After falling down the stairs and injuring yourself, you might find yourself facing a more complicated personal injury case than if you slipped and fell on a poorly maintained walkway. Stairs come with inherent risks, and you will need to prove that the stairs were unreasonably unsafe to win a personal injury case. There are several aspects to your fall that a personal injury attorney might examine when proving liability.
When relying on a handrail to steady yourself, the handrail might have suddenly become detached, leading to you tripping and falling. If the handrail was broken for an extended period of time and the property owner did nothing to repair it, your personal injury attorney may use this as evidence of negligence.
The lack of a handrail could also contribute to your fall. Building codes often have requirements for when a handrail must be installed and the mandatory height and width of the handrail.
The Stair Height
The dimensions of the stairs are governed by building codes. If the stairs are not the appropriate height and you fall as a result, you may be able to seek compensation for your injuries. This is especially true if the stairs were not approved by local authorities. A personal injury attorney will investigate whether the property owner obtained the proper permit to construct the stairs.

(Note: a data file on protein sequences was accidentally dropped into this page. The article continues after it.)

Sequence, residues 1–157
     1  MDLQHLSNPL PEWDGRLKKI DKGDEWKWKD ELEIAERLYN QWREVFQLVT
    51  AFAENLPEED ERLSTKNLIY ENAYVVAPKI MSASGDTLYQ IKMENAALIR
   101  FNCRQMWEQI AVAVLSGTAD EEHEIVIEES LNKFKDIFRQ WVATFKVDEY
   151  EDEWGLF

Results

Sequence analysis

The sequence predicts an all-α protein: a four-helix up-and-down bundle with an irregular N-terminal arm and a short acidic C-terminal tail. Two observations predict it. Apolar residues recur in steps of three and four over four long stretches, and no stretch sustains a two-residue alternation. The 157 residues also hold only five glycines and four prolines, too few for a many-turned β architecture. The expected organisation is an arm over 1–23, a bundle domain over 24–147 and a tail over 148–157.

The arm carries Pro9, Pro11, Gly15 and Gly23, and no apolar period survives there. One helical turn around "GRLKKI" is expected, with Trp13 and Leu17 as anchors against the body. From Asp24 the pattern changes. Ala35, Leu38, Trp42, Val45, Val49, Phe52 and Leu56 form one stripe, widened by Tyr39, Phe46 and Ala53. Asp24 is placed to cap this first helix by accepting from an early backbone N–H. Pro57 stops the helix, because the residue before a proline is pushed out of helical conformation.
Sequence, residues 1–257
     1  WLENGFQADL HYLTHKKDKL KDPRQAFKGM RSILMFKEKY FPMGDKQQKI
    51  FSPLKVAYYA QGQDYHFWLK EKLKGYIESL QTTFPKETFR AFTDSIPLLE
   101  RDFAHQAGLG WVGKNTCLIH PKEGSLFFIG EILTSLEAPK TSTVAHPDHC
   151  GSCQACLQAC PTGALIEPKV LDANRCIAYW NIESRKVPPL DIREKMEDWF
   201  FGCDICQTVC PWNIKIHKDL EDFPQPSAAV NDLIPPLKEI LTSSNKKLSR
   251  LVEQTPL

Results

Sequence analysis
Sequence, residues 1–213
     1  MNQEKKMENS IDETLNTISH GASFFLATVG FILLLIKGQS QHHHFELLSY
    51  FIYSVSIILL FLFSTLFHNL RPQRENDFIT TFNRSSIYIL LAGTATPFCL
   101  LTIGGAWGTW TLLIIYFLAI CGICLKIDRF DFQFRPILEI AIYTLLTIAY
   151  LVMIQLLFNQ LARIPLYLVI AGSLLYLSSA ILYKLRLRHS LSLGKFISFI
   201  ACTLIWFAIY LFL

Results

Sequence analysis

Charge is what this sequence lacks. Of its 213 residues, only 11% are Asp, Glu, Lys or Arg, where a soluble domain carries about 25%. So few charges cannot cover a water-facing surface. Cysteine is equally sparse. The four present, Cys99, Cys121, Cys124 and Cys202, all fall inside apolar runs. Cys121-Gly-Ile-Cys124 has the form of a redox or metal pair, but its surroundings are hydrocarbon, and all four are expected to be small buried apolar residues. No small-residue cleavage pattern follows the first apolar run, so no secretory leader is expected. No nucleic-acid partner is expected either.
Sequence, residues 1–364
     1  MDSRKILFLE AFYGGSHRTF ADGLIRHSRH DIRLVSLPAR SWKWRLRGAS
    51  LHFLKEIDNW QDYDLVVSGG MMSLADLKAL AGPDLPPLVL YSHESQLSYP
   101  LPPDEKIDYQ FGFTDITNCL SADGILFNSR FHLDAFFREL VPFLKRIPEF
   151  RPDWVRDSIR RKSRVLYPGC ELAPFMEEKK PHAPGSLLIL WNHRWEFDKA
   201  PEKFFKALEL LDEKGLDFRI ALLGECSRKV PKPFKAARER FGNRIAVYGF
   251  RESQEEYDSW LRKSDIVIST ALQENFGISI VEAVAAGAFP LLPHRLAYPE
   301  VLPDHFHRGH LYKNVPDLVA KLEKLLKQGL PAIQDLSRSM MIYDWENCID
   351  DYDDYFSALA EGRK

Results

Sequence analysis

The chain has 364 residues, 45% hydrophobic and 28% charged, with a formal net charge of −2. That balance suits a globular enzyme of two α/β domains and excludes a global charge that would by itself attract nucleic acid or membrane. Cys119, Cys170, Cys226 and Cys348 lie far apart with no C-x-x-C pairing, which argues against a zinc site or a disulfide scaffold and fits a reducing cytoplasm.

If the stairs are slippery while wet or icy, the property owner may or may not be responsible for the accident. For example, if the stairs are covered with ice, your personal injury attorney might argue that they should have been salted. However, your attorney will need to prove that the buildup of ice was excessive.
Worn-Out Stairs and Carpeting
If the carpeting becomes loose, this can easily lead to a trip and fall accident. It's the responsibility of the property owner to identify loose carpeting and make sure that the problem is corrected. Stairs can also wear out and become unsafe to walk on. This is especially the case with wooden stairs. Your attorney will interview witnesses to determine if these problems went unresolved for a long time.
After your attorney is able to prove that the property owner was negligent, the next step is to assist you in calculating the damages you have suffered. Then, you can begin the process of negotiating with the company that insures the property to reach a settlement.